I had a ‘spend today, pay off tomorrow’ attitude. That was a very early financial lesson because that is not the best way to live your life.

At KPMG, I trained as an accountant. The basics of cash flow management is not to spend more than you bring in.

It took something like that to make me hone down into what was needed to have wealth and do well in life.

How do you grow your wealth?

Very simple, I spend less than what I earn. We see a lot of people earning hundreds of thousands of dirhams every year, but they spend more than they earn. Although they earn a lot, it doesn't necessarily mean that they will be wealthy.

But there could be someone on a monthly salary of Dh10,000 who spends only Dh5,000, they will build and accumulate wealth at a much greater rate.

Before I started Hoxton in 2018, I was working for someone else. I was earning very good money at the time and could live very comfortably, but I chose to save.

So, instead of buying a flashy Mercedes or Range Rover, I was driving around in a beaten-up brown Ford Focus because I didn't want to spend money on something that I didn't necessarily need.

I wanted to save money so I could start my business. I was putting away as much money as I could on a monthly basis. I was investing it back into my personal development.

It’s also important to not just let money sit in your bank account as well. You need to leave a bit there, probably an emergency fund worth six months’ your income, but make sure the rest of the money is working hard for you.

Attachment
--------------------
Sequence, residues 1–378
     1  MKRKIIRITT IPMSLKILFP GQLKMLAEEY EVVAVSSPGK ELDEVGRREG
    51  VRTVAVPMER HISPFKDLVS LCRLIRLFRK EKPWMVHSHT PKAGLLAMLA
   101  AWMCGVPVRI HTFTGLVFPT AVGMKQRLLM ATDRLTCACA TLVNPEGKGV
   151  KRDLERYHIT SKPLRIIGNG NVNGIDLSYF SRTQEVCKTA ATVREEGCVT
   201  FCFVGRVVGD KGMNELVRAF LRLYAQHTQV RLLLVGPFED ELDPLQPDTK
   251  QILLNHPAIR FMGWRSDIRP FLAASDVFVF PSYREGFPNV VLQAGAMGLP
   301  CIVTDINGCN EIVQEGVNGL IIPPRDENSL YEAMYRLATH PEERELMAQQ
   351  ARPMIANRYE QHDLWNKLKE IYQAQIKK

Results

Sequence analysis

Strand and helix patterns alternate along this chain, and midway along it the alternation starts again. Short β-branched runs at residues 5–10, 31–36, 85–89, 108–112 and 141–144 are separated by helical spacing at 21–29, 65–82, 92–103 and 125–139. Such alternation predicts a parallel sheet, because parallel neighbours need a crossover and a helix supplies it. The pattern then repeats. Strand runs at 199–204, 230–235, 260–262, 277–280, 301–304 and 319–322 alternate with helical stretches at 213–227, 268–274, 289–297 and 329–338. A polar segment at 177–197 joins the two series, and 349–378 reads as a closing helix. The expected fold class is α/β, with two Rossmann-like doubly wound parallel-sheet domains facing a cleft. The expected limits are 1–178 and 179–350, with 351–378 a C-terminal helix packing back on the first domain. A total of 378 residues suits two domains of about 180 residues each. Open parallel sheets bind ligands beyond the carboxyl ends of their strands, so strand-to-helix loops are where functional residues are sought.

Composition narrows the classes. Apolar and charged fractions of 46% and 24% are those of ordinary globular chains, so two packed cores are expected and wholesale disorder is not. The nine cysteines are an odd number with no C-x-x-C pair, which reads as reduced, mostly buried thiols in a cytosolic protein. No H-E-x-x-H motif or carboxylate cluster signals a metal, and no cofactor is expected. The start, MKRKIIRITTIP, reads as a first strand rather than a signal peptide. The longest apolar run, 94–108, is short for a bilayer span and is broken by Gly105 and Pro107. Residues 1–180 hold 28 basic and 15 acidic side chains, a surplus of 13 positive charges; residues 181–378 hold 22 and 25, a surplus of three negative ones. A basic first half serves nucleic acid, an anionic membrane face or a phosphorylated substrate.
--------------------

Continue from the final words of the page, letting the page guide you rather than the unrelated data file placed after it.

What asset classes do you invest in?

I am really broad in the assets that I invest in. So, I have liquid investments like mutual funds and exchange-traded funds.

I then have more longer-term things like property investments. Then I’ve my business, which is non-liquid. But I've invested a lot into it over time through loans and share capital.

Investing in myself has probably been my best investment so far. I do that by taking various exams and courses to better myself.

Investing in yourself is one of the most grossly underestimated hacks you can do to build a happy life.

You have to pay for all those flashy things at some point. And I don't know about you, but I'd much rather have a life full of unlimited potential than a garage full of designer things collecting dust.

Also, I have backed myself in my business. If I put money in today, people could see that as me spending it on my business, but I see it as an investment in my business. This could be by acquiring another business or to bring on another member of staff that will increase our revenue. To me, that's an investment, not spending.

I'd much rather have a life full of unlimited potential than a garage full of designer things collecting dust